New property investment report shows that this traditional asset class is more popular than ever with young Canadians
Young Canadian adults may be a generation that wants to do things differently, but when it comes to wealth building one asset class remains a clear winner.
In the age of robo-advisors and meme stocks, Gen Z and younger Millennials (18-34 years of age) are more inclined than ever to invest in residential real estate.
That’s a key finding of a new report published today (May 25) by Royal LePage (RLP), which reveals that these young investors are more likely to own more than one investment property than over 35s.
The national real estate brokerage’s survey was conducted by Leger and shows that 4.4 million Canadians own an investment property, and more than a quarter of respondents said they are likely to buy one in the next five years.
Almost one third own more than one investment property, rising to 44% among the youngest cohort. This compares to 29% of 35-54s and 25% of over 55s.
These young investors see the value of owning residential real estate as a wealth builder even if they don’t own their primary residence. One third of 18-34s own investment property but not the home they live in, compared to just 12% of 35-54s and just 5% of over 55s.
Across Canada, single-family detached homes are the most popular type of investment property (44% of real estate investors own this type of home) followed by condominiums (37%), and townhomes (11%).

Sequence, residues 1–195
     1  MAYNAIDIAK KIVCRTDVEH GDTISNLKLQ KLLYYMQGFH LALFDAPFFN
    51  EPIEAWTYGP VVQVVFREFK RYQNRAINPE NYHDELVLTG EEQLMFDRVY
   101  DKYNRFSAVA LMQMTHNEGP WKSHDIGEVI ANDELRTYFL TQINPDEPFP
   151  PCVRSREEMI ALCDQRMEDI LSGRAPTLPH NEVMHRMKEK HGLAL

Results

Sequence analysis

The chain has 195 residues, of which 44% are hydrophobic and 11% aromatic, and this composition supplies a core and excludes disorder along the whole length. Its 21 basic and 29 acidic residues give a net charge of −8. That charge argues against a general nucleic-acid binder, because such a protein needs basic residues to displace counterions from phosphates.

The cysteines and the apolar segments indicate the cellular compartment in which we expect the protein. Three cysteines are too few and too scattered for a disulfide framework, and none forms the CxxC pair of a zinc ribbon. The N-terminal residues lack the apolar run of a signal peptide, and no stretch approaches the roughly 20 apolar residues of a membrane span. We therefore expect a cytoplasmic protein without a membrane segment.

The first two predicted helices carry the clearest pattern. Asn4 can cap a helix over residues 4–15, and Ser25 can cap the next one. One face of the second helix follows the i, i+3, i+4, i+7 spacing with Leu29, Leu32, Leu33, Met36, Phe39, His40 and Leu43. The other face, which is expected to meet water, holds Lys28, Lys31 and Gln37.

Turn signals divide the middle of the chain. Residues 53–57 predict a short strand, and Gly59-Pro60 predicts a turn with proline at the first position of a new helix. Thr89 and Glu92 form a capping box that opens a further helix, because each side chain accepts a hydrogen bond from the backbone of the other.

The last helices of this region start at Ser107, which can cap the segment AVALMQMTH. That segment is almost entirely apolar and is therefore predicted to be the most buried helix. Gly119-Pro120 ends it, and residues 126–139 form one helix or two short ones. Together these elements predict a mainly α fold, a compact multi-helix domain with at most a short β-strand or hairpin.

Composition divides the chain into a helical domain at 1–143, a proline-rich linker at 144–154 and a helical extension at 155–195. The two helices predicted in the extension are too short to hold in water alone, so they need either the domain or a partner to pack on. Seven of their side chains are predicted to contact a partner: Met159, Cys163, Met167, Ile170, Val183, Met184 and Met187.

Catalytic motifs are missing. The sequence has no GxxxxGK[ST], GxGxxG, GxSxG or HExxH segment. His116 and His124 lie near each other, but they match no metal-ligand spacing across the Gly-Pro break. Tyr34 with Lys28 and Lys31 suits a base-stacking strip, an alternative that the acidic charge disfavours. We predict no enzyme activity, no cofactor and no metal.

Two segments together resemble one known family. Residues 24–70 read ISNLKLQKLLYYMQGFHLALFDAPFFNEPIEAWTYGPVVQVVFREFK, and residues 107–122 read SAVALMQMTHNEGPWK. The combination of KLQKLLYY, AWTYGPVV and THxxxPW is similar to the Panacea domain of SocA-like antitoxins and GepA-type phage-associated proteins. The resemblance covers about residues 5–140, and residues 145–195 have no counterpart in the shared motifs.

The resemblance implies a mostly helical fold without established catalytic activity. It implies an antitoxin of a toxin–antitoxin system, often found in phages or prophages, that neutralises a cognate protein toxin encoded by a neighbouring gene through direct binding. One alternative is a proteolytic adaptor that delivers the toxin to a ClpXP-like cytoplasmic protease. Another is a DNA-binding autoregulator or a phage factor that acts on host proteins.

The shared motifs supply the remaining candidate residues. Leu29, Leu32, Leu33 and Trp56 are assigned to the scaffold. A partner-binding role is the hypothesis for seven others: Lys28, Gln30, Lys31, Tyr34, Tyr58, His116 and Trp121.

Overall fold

Among those investors who already own at least one residential property, more than half intend to add to their real estate portfolio in the next five years.
Phil Soper, RLP’s president and CEO, said that it’s clear from the study that real estate is seen as a good builder of wealth over time. That’s reflected in the desire to invest in properties for future family financial security.
“Many choose to invest in real estate not only as a way of generating income and reaping the benefits of value appreciation, but to provide an opening into the market for future generations of their family, " said Phil Soper, president and CEO, Royal LePage. "Despite the hurdles of low home supply and increased lending rates, young people are more inclined than ever to make real estate investing a part of their financial planning for the future.”
The survey also shows how Canadian home investors are coping given the sharp rise in interest rates that has pushed mortgage payments higher.
Almost one third of investors have considered selling one or more of their properties due to higher costs of borrowing. This rises to 54% among those aged 18-34.
However, while mortgage and maintenance costs may be squeezing the finances of real estate investors, Soper says that the rental market is providing strong returns, following the pandemic rebound that has tightened supply.
For those considering investing in real estate, Soper says its important to find the right professional advice.
"Like any financial investment, real estate comes with its own set of potential risks. When considering including residential real estate to your investment portfolio, it's important to lean on the advice of experts, including a financial advisor, mortgage broker and real estate agent, to ensure your investment is in line with your long-term strategy and risk tolerance," he said.